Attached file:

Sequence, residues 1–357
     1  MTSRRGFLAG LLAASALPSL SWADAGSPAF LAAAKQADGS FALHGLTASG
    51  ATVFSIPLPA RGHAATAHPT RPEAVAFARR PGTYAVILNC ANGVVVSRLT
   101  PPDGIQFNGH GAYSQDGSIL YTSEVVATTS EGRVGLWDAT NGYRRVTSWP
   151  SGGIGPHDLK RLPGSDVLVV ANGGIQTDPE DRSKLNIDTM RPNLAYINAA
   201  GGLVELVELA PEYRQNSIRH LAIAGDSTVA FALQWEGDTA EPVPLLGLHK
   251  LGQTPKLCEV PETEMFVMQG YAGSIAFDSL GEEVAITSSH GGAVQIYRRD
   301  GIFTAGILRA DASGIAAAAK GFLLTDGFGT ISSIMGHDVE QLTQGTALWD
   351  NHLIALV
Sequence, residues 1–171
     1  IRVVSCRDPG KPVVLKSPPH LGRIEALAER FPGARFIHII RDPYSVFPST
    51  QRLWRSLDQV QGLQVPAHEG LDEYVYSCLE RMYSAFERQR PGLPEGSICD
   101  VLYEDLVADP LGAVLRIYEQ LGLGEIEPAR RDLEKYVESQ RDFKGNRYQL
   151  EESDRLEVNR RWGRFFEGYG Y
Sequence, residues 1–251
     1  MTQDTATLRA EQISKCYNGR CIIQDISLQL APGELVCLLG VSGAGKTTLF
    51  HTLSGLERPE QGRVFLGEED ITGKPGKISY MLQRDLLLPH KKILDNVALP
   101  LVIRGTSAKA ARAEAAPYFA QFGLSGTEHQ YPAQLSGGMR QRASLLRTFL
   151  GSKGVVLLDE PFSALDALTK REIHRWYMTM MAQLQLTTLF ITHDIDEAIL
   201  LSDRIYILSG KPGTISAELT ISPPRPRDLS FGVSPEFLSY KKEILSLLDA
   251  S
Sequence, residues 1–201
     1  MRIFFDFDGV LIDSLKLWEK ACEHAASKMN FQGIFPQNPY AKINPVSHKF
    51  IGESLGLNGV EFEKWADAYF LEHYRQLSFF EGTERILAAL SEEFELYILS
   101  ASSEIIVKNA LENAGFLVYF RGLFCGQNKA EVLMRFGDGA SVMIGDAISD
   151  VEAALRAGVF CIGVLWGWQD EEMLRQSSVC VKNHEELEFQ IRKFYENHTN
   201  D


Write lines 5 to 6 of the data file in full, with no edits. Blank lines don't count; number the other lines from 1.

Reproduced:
   151  SGGIGPHDLK RLPGSDVLVV ANGGIQTDPE DRSKLNIDTM RPNLAYINAA
   201  GGLVELVELA PEYRQNSIRH LAIAGDSTVA FALQWEGDTA EPVPLLGLHK